Purdue University Graduate School
Wenbin_Dissertation_Thesis_March08_2022.pdf (33.57 MB)

A tale of two applications: closed-loop quality control for 3D printing, and multiple imputation and the bootstrap for the analysis of big data with missingness

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posted on 2022-04-20, 18:43 authored by Wenbin ZhuWenbin Zhu
1. A Closed-Loop Machine Learning and Compensation Framework for Geometric Accuracy Control of 3D Printed Products

Additive manufacturing (AM) systems enable direct printing of three-dimensional (3D) physical products from computer-aided design (CAD) models. Despite the many advantages that AM systems have over traditional manufacturing, one of their significant limitations that impedes their wide adoption is geometric inaccuracies, or shape deviations between the printed product and the nominal CAD model. Machine learning for shape deviations can enable geometric accuracy control of 3D printed products via the generation of compensation plans, which are modifications of CAD models informed by the machine learning algorithm that reduce deviations in expectation. However, existing machine learning and compensation frameworks cannot accommodate deviations of fully 3D shapes with different geometries. The feasibility of existing frameworks for geometric accuracy control is further limited by resource constraints in AM systems that prevent the printing of multiple copies of new shapes.

We present a closed-loop machine learning and compensation framework that can improve geometric accuracy control of 3D shapes in AM systems. Our framework is based on a Bayesian extreme learning machine (BELM) architecture that leverages data and deviation models from previously printed products to transfer deviation models, and more accurately capture deviation patterns, for new 3D products. The closed-loop nature of compensation under our framework, in which past compensated products that do not adequately meet dimensional specifications are fed into the BELMs to re-learn the deviation model, enables the identification of effective compensation plans and satisfies resource constraints by printing only one new shape at a time. The power and cost-effectiveness of our framework are demonstrated with two validation experiments that involve different geometries for a Markforged Metal X AM machine printing 17-4 PH stainless steel products. As demonstrated in our case studies, our framework can reduce shape inaccuracies by 30% to 60% (depending on a shape's geometric complexity) in at most two iterations, with three training shapes and one or two test shapes for a specific geometry involved across the iterations. We also perform an additional validation experiment using a third geometry to establish the capabilities of our framework for prospective shape deviation prediction of 3D shapes that have never been printed before. This third experiment indicates that choosing one suitable class of past products for prospective prediction and model transfer, instead of including all past printed products with different geometries, could be sufficient for obtaining deviation models with good predictive performance. Ultimately, our closed-loop machine learning and compensation framework provides an important step towards accurate and cost-efficient deviation modeling and compensation for fully 3D printed products using a minimal number of printed training and test shapes, and thereby can advance AM as a high-quality manufacturing paradigm.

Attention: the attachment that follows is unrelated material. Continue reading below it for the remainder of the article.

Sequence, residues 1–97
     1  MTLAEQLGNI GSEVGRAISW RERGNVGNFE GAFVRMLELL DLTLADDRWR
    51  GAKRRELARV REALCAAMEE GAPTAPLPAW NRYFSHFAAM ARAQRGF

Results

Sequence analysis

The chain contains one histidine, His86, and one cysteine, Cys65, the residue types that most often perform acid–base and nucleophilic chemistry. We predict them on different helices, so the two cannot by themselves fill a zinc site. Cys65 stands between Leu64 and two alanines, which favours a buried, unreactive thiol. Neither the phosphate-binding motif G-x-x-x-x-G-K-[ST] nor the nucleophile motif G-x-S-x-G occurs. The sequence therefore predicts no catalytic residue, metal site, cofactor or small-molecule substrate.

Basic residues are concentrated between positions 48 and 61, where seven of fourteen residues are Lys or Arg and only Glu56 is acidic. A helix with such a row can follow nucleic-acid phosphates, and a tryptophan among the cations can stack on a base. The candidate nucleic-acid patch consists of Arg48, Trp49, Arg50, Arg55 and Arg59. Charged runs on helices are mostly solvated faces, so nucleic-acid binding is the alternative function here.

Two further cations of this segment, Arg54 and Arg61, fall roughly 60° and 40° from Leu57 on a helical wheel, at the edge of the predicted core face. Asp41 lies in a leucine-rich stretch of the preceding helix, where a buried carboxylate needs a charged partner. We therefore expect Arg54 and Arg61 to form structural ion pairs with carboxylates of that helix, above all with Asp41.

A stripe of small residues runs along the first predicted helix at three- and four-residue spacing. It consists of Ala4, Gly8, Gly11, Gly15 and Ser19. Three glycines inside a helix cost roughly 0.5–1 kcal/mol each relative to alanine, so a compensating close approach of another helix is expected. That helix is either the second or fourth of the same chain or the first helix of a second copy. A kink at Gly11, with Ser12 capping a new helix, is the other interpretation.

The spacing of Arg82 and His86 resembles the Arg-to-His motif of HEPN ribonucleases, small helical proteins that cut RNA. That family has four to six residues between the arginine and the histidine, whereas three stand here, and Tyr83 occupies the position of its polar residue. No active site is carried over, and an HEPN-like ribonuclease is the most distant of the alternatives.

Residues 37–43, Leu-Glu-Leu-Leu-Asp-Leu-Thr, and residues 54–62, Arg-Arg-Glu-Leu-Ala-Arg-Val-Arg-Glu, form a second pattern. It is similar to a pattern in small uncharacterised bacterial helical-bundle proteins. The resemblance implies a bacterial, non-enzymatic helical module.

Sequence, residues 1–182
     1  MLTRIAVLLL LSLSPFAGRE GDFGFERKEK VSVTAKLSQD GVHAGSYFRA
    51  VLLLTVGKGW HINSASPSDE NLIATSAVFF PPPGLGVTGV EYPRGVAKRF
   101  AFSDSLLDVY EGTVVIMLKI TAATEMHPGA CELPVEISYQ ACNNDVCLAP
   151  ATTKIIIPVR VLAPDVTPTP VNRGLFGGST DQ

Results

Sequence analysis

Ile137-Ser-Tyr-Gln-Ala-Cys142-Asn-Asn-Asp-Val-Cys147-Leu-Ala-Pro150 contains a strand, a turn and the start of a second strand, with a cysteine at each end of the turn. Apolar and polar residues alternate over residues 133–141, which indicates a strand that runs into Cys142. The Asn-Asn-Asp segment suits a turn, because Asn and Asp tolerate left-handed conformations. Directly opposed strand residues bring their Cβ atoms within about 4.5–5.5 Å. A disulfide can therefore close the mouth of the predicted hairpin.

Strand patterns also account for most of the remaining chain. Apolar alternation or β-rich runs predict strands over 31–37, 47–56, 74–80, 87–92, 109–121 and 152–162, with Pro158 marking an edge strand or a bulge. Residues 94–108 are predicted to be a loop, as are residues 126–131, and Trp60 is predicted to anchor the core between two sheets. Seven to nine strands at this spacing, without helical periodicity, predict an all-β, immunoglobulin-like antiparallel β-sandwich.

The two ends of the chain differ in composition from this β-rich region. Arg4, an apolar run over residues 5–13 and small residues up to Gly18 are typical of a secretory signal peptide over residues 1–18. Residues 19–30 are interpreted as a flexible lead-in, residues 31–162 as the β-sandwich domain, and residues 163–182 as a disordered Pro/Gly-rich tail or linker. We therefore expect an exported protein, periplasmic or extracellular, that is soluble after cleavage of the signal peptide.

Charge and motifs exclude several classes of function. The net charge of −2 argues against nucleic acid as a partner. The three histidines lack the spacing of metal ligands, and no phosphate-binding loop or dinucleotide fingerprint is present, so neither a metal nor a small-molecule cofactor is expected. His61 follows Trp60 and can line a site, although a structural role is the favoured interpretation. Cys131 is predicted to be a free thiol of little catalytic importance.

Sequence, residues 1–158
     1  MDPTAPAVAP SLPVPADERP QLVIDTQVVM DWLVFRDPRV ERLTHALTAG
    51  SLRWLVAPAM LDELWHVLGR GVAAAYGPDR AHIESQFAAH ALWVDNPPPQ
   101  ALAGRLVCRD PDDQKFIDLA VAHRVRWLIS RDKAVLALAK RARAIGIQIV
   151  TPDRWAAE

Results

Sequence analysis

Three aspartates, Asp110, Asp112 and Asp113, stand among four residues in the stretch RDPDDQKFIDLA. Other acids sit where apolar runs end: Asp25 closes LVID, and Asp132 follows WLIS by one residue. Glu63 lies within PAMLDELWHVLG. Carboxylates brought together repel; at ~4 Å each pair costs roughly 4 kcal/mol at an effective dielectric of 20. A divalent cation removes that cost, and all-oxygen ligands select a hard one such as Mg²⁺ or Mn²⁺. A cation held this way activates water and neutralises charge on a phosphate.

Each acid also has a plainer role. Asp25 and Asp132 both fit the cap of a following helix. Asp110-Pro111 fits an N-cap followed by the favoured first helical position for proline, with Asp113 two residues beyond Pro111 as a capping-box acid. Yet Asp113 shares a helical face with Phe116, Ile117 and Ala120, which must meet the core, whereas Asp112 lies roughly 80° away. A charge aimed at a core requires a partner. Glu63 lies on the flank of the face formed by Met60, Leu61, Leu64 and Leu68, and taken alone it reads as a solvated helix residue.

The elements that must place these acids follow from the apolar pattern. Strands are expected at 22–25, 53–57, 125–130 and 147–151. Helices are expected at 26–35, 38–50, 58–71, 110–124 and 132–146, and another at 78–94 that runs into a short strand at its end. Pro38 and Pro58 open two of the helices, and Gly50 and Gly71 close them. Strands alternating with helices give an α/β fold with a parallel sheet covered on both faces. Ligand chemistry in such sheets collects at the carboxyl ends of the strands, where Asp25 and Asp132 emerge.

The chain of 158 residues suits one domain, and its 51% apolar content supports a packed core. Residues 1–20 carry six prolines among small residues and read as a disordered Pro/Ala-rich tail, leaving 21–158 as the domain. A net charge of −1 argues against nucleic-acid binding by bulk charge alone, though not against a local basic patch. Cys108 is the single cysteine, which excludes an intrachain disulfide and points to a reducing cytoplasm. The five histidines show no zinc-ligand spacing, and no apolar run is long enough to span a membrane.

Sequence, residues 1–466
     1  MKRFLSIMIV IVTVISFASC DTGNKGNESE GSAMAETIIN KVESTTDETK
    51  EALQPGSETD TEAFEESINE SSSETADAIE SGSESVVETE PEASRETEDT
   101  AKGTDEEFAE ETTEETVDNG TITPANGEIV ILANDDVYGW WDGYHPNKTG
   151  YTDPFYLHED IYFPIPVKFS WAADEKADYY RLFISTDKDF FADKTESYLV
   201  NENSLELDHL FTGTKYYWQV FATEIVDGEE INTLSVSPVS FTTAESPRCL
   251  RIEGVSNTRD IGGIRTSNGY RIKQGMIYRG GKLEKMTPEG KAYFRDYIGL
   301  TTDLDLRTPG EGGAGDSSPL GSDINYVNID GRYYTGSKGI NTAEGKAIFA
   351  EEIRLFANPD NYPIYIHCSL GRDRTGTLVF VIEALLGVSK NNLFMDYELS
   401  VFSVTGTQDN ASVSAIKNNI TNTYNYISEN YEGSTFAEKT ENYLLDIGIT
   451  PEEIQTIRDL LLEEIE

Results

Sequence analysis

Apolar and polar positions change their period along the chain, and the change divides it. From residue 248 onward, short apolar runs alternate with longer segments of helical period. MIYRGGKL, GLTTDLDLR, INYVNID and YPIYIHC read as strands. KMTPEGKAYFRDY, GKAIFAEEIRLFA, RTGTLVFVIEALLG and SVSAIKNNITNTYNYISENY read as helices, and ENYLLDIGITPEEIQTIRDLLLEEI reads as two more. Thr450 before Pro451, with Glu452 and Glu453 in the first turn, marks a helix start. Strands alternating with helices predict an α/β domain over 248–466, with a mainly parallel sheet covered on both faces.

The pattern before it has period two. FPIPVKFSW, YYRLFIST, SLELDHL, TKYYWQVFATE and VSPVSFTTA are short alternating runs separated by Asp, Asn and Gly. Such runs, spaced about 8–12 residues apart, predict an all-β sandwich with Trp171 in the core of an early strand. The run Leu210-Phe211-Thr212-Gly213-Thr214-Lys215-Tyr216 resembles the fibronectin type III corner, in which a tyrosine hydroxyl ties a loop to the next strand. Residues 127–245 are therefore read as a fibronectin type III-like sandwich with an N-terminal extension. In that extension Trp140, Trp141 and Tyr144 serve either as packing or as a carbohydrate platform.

2. Multiple Imputation and the Bootstrap for the Analysis of Big Data with Missingness

Inference can be a challenging task for Big Data. Two significant issues are that Big Data frequently exhibit complicated missing data patterns, and that the complex statistical models and machine learning algorithms typically used to analyze Big Data do not have convenient quantification of uncertainties for estimators. These two difficulties have previously been addressed using multiple imputation and the bootstrap, respectively. However, it is not clear how multiple imputation and bootstrap procedures can be effectively combined to perform statistical inferences on Big Data with missing values. We investigate a practical framework for the combination of multiple imputation and bootstrap methods. Our framework is based on two principles: distribution of multiple imputation and bootstrap calculations across parallel computational cores, and the quantification of sources of variability involved in bootstrap procedures that use subsampling techniques via random effects or hierarchical models. This framework effectively extends the scope of existing methods for multiple imputation and the bootstrap to a broad range of Big Data settings. We perform simulation studies for linear and logistic regression across Big Data settings with different rates of missingness to characterize the frequentist properties and computational efficiencies of the combinations of multiple imputation and the bootstrap. We further illustrate how effective combinations of multiple imputation and the bootstrap for Big Data analyses can be identified in practice by means of both the simulation studies and a case study on COVID infection status data. Ultimately, our investigation demonstrates how the flexible combination of multiple imputation and the bootstrap under our framework can enable valid statistical inferences in an effective manner for Big Data with missingness.


Trask Innovation Fund


Degree Type

  • Doctor of Philosophy


  • Statistics

Campus location

  • West Lafayette

Advisor/Supervisor/Committee Chair

Arman Sabbaghi

Additional Committee Member 2

William S. Cleveland

Additional Committee Member 3

Vinayak Rao

Additional Committee Member 4

Bruce A. Craig